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Axios Executive Editor Mike Allen interviews National Eocnomic Director Larry Kudlow. Photo: Chuck Kennedy for Axios

In the midst of Infrastructure Week, a stacked line up of news shapers joined Mike Allen to discuss infrastructure policy and the news of the day.

Why it mattered: We heard from both sides of the aisle on how to fix our country's infrastructure, as well as Larry Kudlow's view on the looming trade war with China: "Blame China, not Trump."

The news shapers:

  • T.H. Larry Kudlow, Director, National Economic Council, The White House.
  • T.H. James Inhofe, U.S. Senator, Oklahoma. Chairman, Senate Environment and Public Works Subcommittee on Transportation and Infrastructure.
  • T.H. Eleanor Holmes Norton, U.S. Representative, District of Columbia. Ranking Member, House Transportation and Infrastructure Subcommittee on Highways and Transit.
  • T.H. Steve Adler, Mayor, Austin, Texas. Vice Chair, U.S. Conference of Mayors Subcommittee on Highways.
  • Mr. Steven Brill, Author, Tailspin.
Rep. Eleanor Holmes Norton and Mike Allen. Photo: Chuck Kennedy for Axios

On the infrastructure bill:

Dead vs. alive: Senator Inhofe says the infrastructure bill is "not dead on arrival. We're actively working on it right now."

Tomorrow vs. never: Mayor Adler says he'd "rather [an infrastructure bill] happen tomorrow than not happen at all."

Old vs. new: Typically, infrastructure funding is raised by implementing a gas tax, but Rep. Holmes Norton says "we may have to look for a new way to fund our infrastructure" due to Republicans resistance this time around.

Senator James Inhofe and Mike Allen. Photo: Chuck Kennedy for Axios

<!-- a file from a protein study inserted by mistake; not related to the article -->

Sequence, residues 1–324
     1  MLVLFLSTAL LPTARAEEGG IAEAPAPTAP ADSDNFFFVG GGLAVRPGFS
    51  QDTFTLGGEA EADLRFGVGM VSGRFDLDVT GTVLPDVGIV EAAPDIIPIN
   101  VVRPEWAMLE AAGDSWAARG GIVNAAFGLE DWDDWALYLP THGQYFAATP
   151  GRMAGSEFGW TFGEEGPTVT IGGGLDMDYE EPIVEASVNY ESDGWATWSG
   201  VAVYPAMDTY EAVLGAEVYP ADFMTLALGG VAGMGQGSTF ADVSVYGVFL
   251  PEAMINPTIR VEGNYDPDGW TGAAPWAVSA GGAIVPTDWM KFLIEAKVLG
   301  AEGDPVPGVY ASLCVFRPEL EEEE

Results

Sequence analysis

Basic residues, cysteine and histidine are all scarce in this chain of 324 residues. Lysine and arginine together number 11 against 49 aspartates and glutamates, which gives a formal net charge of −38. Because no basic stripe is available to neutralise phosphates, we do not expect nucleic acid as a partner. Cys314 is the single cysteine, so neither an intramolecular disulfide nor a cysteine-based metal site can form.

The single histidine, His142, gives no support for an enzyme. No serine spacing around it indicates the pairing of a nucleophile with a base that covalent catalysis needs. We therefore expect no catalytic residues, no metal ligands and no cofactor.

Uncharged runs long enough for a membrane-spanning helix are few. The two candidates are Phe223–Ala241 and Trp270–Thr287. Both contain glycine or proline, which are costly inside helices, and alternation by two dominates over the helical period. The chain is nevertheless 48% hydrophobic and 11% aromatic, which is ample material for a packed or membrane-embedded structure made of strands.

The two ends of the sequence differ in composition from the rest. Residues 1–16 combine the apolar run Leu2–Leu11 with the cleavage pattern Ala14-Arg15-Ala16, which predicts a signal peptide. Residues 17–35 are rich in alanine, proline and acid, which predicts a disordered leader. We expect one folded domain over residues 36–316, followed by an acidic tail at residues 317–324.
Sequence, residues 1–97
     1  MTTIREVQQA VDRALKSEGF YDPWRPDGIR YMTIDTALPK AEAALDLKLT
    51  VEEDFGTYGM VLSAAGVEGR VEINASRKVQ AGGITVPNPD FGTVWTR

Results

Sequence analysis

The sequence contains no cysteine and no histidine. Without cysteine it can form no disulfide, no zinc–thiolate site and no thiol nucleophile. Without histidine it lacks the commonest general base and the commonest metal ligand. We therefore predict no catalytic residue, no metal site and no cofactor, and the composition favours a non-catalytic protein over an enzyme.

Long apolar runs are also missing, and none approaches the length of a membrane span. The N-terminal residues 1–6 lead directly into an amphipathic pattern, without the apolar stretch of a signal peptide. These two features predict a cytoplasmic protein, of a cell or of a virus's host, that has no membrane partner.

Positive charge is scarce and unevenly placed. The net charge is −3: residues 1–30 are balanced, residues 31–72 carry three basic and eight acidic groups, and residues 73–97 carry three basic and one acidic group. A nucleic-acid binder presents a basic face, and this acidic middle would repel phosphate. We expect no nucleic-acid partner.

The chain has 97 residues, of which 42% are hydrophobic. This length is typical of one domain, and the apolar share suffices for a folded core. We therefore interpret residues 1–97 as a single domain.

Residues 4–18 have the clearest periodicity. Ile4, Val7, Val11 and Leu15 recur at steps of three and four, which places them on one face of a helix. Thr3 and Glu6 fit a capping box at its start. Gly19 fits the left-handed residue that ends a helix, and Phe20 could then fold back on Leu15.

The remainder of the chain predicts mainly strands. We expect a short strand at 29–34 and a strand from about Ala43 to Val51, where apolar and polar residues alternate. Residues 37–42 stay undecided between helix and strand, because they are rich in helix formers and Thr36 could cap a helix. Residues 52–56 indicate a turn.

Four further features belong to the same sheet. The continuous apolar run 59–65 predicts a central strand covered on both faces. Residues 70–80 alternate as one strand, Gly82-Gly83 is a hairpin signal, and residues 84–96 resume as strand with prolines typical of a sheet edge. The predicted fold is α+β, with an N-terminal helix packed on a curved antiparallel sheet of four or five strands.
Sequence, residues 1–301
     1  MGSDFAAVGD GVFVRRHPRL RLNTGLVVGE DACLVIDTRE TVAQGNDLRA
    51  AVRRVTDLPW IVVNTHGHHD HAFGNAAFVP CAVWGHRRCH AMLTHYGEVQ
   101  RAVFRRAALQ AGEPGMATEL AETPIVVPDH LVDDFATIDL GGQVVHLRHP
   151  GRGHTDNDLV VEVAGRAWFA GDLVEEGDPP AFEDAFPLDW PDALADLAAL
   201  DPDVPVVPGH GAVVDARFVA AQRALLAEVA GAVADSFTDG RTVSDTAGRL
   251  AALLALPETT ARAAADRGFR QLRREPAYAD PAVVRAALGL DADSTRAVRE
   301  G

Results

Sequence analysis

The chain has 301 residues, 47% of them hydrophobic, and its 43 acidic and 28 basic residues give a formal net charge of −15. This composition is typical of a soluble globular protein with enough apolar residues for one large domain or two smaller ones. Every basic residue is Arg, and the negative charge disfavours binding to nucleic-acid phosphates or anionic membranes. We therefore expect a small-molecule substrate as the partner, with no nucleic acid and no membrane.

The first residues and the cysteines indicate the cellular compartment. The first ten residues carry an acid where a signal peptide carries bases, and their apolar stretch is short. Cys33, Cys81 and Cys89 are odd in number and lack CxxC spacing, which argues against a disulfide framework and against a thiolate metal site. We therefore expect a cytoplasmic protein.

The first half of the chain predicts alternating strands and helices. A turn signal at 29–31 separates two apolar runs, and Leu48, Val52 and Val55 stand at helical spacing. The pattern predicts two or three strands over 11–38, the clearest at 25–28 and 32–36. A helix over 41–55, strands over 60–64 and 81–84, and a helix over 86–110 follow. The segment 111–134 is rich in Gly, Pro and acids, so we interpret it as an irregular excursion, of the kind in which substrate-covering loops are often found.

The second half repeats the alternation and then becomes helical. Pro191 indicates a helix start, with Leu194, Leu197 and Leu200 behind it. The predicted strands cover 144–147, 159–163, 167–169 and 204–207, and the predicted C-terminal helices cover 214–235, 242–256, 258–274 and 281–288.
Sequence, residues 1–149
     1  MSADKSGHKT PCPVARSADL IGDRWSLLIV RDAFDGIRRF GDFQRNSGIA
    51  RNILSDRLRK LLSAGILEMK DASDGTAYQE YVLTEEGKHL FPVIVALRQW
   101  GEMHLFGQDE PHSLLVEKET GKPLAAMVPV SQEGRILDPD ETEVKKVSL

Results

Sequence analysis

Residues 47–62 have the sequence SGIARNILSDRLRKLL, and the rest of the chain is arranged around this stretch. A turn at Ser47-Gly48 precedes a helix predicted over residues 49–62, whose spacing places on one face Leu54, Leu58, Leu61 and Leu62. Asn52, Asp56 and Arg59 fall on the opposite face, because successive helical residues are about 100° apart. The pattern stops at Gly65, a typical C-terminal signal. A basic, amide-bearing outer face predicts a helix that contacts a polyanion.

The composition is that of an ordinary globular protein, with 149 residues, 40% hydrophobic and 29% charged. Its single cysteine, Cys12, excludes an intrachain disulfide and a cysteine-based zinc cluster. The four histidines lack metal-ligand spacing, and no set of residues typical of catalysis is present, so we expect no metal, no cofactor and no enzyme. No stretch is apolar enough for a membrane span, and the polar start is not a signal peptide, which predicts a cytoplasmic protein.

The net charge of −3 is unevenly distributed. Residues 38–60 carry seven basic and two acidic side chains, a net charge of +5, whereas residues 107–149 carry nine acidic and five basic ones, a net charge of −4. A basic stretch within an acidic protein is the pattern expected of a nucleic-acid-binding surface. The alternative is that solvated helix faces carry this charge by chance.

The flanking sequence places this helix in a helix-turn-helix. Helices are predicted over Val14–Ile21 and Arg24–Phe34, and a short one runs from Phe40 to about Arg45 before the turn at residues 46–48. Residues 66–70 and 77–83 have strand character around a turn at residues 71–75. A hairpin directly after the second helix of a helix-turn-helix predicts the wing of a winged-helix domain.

Even the most far-left Democrats and the most far-right Republicans all agree on the need to improve our roads and ports.
— Senator James Inhofe (R-OK)
NEC Director Larry Kudlow and Mike Allen.

Takeaways from NEC Director Larry Kudlow

On China:

  • "I don't believe [the President] wants a trade war [with China]. I don't want a trade war."
  • "I believe trade deals are good things, but, China has to reform its system. They've been behaving like a third-world country."
  • 🌈➡️💰: "If you can get through this process, with China [...] then, at the end of that rainbow you're going to have economic growth."

Why it matters: Kudlow is pushing for China to lower its trade barriers in the wake of Trump's announced tariffs on Chinese products that signaled a potential trade war.

On NAFTA:

  • On getting a better deal: there's a "51-49" chance.

Why it matters: President Trump has walked back from his original threat to pull out of NAFTA entirely. His adminisitatrion is now working to cut a better deal in the U.S.'s favor but the odds aren't great, according to Kudlow.

Go deeper: Larry Kudlow puts faith in Trump-Xi "bromance"

Thank you to Bank of America for sponsoring this event.

Go deeper

Brazil begins distributing AstraZeneca coronavirus vaccine

Containers carrying doses of the Oxford/AstraZeneca vaccine arrive in Brazil. Photo: Maurio Pimentel/AFP via Getty Images

Brazil on Saturday began distributing the 2 million doses of the AstraZeneca coronavirus vaccine that arrived from India Friday, Reuters reports.

Why it matters: Brazil has the third highest COVID-19 case-count in the world, according to Johns Hopkins University data. The 2 million doses "only scratch the surface of the shortfall," Brazilian public health experts told the AP.

Sullivan speaks with Israel's national security adviser for the first time

Israeli national security adviser Meir Ben Shabbat U.S. Photo: Mazen Mahdi/Getty Images. U.S. national security adviser Jake Sullivan. Photo: Chandan Khanna/Getty Images

U.S. national security adviser Jake Sullivan spoke on the phone Saturday with his Israeli counterpart Meir Ben Shabbat, Israeli officials tell Axios.

Why it matters: This is the first contact between the Biden White House and Israeli prime minister's office. During the transition, the Biden team refrained from speaking to foreign governments.

Biden speaks to Mexican president about reversing Trump's "draconian immigration policies"

Mexican President Andrés Manuel López Obrador. Ismael Rosas/Eyepix Group/Barcroft Media via Getty Images

President Biden told his Mexican counterpart, Andrés Manuel López Obrador, on a phone call Friday that he plans to reverse former President Trump’s “draconian immigration policies.”

The big picture: The Biden administration has already started repealing several of Trump’s immigration policies, including ordering a 100-day freeze on deporting many unauthorized immigrants, halting work on the southern border wall, and reversing plans to exclude undocumented people from being included in the 2020 census.